Easter Island is a small island in the Pacific that has achieved worldwide fame for its giant Moai statues, giant human sculptures erected on the island circa 1300 CE. Weighing as much as 86 tons and standing as tall as 33 feet, the Moai are akin to a Stonehenge of the South Pacific, unexplained monuments of a primitive civilization. 
The Moai are not, however, Easter Island’s only mystery. Archaeologists and anthropologists have also struggled to explain the collapse of the island’s civilization in the sixteenth century. Scientists and historians have put forth a range of theories on the island’s downfall. 
The traditional narrative, as told by Jared Diamond, is one of manmade ecological collapse. According to Diamond, the agrarian inhabitants aggressively cleared the island’s trees with slash-and-burn techniques to make room for farms and did not stop until it was too late. With the trees vanished lumber for canoes and huts and protein the form of birds and other wildlife. With too many people and too few resources, the islander civilization caved. 
The second narrative, on the other hand, paints mankind as resilient in the face of ecological collapse. According to anthropologists Terry Hunt and Carl Lipo, while Easter Island’s inhabitants did indeed clear large tracts of forested land for farming, an invasive species of rat was equally responsible. Without natural predators, the rats quickly multiplied and assisted the islanders in clearing the trees by eating seeds and sprouts, thereby preventing reforestation . The islanders, however, made the most of the situation by developing innovative farming techniques and eating the rats until they succumbed to diseases brought by European settlers. 
While both these theories are interesting within the context of Easter Island, they are even more poignant, as Robert Krulwich argues, when expanded as allegories to contemporary global environmental challenges, primarily those associated with climate change.  Obviously deforestation on a tiny South Pacific isle is not a perfect analogue for global climate change, but the two theories of Easter Island’s downfall reflect two different ways of conceiving of the relationship between human civilization and the environment.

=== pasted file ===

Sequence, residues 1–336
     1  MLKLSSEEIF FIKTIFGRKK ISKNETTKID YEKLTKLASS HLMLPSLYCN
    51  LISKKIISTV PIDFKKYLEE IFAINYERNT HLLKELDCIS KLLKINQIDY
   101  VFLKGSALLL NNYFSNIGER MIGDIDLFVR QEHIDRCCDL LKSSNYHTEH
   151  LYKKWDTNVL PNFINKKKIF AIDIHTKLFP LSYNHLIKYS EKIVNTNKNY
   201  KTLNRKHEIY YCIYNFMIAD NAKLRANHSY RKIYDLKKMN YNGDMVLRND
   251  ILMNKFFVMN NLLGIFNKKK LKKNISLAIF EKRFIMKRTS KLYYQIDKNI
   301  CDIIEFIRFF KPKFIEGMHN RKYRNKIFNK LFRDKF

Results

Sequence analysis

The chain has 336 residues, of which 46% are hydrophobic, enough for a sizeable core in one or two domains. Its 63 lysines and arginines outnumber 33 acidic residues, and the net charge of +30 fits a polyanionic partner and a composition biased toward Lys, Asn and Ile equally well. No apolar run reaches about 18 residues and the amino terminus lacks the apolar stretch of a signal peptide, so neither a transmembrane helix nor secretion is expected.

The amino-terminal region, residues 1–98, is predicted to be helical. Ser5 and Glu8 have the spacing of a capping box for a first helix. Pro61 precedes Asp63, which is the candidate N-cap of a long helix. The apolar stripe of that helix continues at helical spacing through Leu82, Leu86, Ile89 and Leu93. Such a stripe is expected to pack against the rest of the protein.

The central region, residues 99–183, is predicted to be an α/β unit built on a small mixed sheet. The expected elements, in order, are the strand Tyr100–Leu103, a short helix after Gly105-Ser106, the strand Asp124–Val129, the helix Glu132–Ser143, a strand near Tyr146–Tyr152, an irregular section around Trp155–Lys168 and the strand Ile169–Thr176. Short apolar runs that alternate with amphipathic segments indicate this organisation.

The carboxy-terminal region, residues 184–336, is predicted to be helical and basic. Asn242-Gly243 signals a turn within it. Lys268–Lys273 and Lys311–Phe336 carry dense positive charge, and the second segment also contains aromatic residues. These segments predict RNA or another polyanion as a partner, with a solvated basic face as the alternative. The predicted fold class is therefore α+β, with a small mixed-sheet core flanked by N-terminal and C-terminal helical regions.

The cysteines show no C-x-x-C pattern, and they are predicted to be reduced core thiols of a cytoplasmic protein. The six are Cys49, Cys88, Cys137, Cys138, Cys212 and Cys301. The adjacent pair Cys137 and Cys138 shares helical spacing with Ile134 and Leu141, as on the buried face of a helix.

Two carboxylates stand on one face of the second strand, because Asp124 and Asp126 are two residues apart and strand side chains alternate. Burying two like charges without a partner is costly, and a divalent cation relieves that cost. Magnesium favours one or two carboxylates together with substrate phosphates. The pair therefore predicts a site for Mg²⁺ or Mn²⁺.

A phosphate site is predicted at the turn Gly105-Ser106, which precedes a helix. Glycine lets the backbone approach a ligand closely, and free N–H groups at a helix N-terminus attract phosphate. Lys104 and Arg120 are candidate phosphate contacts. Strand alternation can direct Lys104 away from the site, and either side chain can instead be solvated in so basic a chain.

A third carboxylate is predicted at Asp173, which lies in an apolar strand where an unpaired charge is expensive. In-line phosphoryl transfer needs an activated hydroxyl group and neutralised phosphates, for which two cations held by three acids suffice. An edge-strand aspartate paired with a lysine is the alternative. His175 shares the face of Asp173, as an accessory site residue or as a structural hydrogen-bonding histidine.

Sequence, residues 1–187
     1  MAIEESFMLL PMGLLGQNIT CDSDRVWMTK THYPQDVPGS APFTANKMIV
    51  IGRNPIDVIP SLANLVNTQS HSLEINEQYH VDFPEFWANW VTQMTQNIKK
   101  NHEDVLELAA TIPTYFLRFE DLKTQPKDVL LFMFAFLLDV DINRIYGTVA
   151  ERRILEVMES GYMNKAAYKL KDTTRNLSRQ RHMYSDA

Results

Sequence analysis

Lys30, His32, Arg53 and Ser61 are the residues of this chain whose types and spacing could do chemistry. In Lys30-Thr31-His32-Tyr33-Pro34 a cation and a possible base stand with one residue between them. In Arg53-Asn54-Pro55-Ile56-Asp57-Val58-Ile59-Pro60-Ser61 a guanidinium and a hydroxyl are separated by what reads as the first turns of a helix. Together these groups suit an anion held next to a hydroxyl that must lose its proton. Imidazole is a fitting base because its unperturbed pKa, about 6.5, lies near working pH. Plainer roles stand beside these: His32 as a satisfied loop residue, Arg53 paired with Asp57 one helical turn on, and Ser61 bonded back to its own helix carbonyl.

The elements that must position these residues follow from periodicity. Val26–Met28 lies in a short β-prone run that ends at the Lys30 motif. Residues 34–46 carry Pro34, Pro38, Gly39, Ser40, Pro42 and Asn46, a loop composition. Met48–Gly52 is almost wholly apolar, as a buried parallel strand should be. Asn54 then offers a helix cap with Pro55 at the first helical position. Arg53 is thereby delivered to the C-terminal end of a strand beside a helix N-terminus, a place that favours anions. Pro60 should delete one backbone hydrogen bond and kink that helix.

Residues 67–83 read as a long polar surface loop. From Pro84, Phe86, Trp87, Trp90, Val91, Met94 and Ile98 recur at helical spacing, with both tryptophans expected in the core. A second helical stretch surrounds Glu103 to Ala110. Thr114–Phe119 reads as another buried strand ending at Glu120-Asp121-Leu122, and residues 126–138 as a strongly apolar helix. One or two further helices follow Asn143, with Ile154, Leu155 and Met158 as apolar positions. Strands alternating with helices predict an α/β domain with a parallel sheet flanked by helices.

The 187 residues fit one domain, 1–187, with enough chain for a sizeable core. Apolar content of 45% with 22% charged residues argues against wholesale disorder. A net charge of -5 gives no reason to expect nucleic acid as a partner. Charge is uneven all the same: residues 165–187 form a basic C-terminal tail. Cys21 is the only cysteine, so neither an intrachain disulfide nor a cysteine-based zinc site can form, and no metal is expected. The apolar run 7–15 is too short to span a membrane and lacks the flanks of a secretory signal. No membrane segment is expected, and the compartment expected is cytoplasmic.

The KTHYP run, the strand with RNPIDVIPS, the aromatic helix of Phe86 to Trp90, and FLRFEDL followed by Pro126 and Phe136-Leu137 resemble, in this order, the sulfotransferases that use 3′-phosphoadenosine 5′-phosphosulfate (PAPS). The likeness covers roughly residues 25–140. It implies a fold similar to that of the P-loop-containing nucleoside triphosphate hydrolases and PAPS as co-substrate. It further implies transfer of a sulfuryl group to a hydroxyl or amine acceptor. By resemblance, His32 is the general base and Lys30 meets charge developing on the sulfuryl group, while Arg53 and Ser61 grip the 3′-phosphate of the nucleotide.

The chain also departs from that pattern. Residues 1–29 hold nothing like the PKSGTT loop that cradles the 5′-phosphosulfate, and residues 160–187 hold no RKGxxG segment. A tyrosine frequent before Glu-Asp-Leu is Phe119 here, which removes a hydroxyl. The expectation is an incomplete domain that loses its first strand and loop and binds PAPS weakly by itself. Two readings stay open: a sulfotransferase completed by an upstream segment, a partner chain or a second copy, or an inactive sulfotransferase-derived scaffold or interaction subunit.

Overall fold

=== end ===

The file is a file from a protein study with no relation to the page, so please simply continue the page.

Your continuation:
Diamond’s is very much an environmentalist paradigm that highlights the inextricable link between human civilization and the environment. In his narrative, environmental resources are central to the existence and advancement of human civilization and the extent to which mankind can consume is constrained by environmental limits.
Diamond’s narrative also underscores an important but terrifying truth about human myopia and inaction in the face of environmental overexploitation. As Harvard psychologist Daniel Gilbert notes, humans are hardwired with a primal threat assessment mechanism. According to Gilbert, the threats with which primitive man was faced were immoral, imminent, instantaneous or intentional, and individuals best equipped to recognize and respond to those threats were more likely to survive and reproduce. Our threat-identification system hasn’t evolved much since then, so humans still respond most viscerally and decisively when a threat fulfills one of Gilbert’s four criteria.  This is why the deforestation of Easter Island (if you believe Diamond’s account), the unintentional and gradual byproduct of farming efforts, did not stop until collapse was ensured. This is also why politicians could enact sweeping policy reforms in the wake of the 9/11 attacks (which fulfilled all four of Gilbert’s criteria) while climate change, which is not instantaneous, imminent, intentional or obviously immoral, has yet to be addressed through decisive political engagement or meaningful public policy.